Setting up a local development environment for WordPress with @wordpress/scripts

  • Jürg Hunziker

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Setting up a local development environment for a PHP project is often harder than it should be.
You could setup a local PHP and database server or do the same in a virtual machine.
But the most common way nowadays is using Docker containers for that.

The team behind the Gutenberg editor released the @wordpress/scripts package some months ago and one of its features is exactly that. It provides npm scripts to setup and run WordPress Docker containers.

The benefit when using this package is that it hides all Docker related commands behind an npm run call which means that you don't need to learn those too.

Setup project

To begin with you need to install the @wordpress/scripts npm package by running the following command in your project folder:

npm install @wordpress/scripts --save-dev

Now add this npm script to your package.json file:

// package.json
"scripts": {
  "env": "wp-scripts env"
}

Additionally you need to configure the environment by adding the following lines to your package.json file and adjust it to your needs (see the Block Editor Handbook for reference):

// package.json
"wp-env": {
  "plugin-dir": "<Name of plugin folder inside local env>",
  "plugin-name": "<Plugin name>"
}

Install WordPress

You can now run the following command to setup the local environment (You need to have Docker installed before running this command):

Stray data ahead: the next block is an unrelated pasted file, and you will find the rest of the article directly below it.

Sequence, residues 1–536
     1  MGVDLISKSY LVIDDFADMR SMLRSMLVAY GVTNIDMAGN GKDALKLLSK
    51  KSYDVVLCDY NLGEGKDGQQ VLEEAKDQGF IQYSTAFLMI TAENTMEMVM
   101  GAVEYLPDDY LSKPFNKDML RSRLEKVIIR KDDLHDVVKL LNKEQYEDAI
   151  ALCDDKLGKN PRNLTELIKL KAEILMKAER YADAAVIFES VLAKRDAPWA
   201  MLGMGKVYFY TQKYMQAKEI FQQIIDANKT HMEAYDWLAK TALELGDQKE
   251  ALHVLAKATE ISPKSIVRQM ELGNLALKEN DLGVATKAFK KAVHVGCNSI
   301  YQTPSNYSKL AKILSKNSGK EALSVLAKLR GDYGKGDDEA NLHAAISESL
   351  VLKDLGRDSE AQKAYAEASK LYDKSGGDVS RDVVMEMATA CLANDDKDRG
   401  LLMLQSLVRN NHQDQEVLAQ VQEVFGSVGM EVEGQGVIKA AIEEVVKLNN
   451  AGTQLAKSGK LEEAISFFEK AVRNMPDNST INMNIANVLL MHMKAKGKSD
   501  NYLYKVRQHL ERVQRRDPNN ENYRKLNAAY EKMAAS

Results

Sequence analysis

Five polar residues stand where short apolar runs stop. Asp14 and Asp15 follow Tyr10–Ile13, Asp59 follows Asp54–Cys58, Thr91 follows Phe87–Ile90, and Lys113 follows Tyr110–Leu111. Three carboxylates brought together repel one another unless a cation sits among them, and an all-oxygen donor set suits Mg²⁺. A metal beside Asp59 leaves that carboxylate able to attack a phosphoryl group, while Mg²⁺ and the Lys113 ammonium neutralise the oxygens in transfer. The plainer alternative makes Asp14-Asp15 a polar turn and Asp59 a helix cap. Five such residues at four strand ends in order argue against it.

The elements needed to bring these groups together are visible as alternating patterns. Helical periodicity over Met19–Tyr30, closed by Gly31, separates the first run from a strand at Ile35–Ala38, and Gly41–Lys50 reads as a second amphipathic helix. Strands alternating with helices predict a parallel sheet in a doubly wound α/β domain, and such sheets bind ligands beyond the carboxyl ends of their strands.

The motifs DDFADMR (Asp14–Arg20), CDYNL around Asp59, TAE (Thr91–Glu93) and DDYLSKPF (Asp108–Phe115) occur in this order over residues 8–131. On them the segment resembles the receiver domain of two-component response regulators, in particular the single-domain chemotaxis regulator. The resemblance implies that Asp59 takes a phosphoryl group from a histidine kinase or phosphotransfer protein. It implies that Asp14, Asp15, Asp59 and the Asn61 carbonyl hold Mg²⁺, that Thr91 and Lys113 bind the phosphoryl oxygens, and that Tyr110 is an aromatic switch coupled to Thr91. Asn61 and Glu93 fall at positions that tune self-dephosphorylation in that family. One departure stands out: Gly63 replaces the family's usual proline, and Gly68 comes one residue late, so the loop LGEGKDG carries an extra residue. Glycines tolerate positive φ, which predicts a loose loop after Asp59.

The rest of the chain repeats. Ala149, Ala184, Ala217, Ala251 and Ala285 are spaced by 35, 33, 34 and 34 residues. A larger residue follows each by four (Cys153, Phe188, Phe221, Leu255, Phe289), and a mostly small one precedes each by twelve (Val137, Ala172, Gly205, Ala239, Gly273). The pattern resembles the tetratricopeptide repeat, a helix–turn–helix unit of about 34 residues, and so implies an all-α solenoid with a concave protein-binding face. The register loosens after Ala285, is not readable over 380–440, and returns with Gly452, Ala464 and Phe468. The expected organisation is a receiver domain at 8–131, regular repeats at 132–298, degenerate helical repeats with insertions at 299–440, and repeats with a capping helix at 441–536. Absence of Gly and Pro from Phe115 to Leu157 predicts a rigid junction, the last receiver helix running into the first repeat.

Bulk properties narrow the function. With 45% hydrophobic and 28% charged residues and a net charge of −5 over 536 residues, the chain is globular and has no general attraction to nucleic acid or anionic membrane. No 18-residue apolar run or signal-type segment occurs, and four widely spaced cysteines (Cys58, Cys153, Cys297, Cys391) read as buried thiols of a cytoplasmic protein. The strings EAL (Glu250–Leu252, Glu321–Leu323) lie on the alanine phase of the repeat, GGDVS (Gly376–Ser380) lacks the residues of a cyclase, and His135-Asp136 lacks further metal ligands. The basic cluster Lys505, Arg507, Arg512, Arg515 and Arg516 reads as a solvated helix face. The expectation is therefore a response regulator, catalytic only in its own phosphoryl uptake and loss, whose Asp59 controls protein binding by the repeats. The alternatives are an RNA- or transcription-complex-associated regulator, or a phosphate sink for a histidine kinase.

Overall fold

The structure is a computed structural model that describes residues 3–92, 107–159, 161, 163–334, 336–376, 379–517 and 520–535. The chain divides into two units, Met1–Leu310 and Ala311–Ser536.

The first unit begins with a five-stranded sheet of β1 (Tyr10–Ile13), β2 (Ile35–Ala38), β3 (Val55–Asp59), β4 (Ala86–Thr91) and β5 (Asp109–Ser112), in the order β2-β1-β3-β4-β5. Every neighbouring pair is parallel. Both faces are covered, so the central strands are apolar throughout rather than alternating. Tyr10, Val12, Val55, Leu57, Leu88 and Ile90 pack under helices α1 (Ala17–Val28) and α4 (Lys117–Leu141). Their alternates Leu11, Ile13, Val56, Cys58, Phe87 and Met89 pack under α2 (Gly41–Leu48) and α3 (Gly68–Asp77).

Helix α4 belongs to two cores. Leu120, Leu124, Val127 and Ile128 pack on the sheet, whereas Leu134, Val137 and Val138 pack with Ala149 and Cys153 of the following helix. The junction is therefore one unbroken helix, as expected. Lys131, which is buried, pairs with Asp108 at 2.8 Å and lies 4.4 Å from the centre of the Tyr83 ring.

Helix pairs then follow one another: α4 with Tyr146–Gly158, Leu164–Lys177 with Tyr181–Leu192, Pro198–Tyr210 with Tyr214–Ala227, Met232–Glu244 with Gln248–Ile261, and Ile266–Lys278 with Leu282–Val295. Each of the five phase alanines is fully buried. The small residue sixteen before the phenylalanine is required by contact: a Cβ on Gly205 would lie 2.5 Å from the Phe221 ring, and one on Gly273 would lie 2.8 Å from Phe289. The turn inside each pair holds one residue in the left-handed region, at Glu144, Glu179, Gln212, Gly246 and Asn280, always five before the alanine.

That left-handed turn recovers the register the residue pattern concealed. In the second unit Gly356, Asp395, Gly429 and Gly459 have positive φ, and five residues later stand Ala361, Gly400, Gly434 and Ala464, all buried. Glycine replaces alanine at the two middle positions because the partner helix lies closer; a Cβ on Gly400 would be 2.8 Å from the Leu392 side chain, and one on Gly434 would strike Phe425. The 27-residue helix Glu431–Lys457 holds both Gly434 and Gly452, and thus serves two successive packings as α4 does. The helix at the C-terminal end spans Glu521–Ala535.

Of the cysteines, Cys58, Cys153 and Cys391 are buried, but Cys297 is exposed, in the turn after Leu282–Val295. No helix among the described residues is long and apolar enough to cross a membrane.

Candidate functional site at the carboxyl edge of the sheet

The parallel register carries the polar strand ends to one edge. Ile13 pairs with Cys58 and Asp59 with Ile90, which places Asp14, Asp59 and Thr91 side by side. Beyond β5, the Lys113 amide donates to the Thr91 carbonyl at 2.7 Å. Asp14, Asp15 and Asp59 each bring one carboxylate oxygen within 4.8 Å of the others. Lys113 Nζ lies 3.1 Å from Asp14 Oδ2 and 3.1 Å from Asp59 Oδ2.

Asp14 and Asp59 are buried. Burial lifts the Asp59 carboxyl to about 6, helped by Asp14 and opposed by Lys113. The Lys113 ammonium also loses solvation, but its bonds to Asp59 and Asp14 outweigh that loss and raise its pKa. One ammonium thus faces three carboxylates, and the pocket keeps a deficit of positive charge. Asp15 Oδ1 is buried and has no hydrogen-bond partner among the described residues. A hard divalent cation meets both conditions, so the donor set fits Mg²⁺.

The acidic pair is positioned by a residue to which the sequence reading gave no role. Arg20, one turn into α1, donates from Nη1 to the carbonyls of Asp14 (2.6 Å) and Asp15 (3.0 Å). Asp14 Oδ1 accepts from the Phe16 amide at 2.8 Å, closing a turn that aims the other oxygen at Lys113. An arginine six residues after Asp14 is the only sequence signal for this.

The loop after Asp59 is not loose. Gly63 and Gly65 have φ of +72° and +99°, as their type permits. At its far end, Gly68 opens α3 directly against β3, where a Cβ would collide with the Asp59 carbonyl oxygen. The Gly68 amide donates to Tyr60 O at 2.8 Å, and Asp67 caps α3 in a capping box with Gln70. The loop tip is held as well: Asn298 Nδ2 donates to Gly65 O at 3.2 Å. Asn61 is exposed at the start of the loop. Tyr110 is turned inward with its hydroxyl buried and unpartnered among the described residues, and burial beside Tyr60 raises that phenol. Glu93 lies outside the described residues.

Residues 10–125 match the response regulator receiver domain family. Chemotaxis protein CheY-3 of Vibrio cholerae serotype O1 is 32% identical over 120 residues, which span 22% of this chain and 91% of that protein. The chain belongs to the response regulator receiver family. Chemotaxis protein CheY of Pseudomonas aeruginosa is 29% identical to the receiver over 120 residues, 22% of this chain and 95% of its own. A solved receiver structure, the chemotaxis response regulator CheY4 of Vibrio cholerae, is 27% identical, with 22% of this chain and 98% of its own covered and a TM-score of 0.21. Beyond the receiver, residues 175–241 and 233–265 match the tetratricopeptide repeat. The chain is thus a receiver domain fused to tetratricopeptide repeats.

npm run env install

This will setup a local WordPress installation into a subdirectory of your project called wordpress/. It also mounts the current project folder into the plugins folder of the WordPress installation so that you can test it as you are developing it.

If you're using git in your project you probably don't want to commit the local WordPress installation. That's why you should add the wordpress/ folder to your .gitignore file.

Start the local environment

When the setup is finished you can start the environment by running the following command:

npm run env start

You're local WordPress environment should now be running behind the port 8889 and is accessible by opening:

Stopping the environment

Since Docker uses a lot of your machines resources you should stop the environment when you're done using it. You can do that by running the following command:

npm run env stop

There are a lot of other commands which are documented here: https://developer.wordpress.org/block-editor/packages/packages-scripts/#available-sub-scripts


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